Establishing Manager Relationships

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Note: This was originally a Twitter thread, but I’ve converted it into a blog post after the bird platform became X-tinct.

Hello! I’ve been working as a professional programmer for more than a decade, worked at 5 companies, and had 22 managers (including 14 in 4 years at Twitter). As a result, I’ve had a lot of experience establishing new relationships with a manager.

In any good relationship, communication is key. Your manager isn't a mind reader, and neither are you. You need to talk to your manager about things which are bothering you, and your manager needs to talk to you about how things are going from their end. As you start out a relationship with a new manager (especially as you get more senior on the career ladder), ask them about their own values and goals. Managers have a tightrope to walk: they balance the needs of the individual people with the needs of the team. Bad managers value the team above all else. Good managers help the people but also push them for the sake of the team. Great managers are able to grow their people to invest in the team.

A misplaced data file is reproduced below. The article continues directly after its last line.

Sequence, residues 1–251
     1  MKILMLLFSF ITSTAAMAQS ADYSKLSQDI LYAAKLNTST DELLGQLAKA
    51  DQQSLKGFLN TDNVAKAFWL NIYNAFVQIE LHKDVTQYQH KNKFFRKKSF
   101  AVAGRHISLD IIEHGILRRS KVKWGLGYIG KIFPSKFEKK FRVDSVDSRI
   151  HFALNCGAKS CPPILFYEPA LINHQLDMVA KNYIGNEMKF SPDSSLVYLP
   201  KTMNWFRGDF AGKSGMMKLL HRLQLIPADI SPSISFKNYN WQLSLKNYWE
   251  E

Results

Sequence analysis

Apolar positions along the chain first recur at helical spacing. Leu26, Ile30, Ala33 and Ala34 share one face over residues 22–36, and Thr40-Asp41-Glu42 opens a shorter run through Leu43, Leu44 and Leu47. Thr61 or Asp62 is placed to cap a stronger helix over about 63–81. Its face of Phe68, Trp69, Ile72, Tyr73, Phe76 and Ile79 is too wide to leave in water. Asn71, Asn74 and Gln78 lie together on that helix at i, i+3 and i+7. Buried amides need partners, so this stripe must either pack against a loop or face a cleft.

Prioritize Growth #

As with managers, ICs have two priorities. The most straightforward priority is to help your team succeed. The less-well-defined-but-equally-important priority is to grow as a contributor. Take the time to invest in your own growth and learning, because that helps the entire team in the long run. Growing as a contributor becomes much more complicated once you hit the senior level, and you will need active support for your manager to accomplish it. Finding time for learning in a professional environment can be quite the challenge.

Until you hit the staff engineer level as an IC, a supportive manager should be actively working to develop you as an individual contributor. They need to have a plan to help you grow by ensuring that you get the right types of work and challenges. That, however, is often something that managers don't learn how to do until they've been at it for a while. ICs don't start off able to architect multi-quarter roadmaps, and managers don't start off able to help engineers grow. People are a lot harder than code.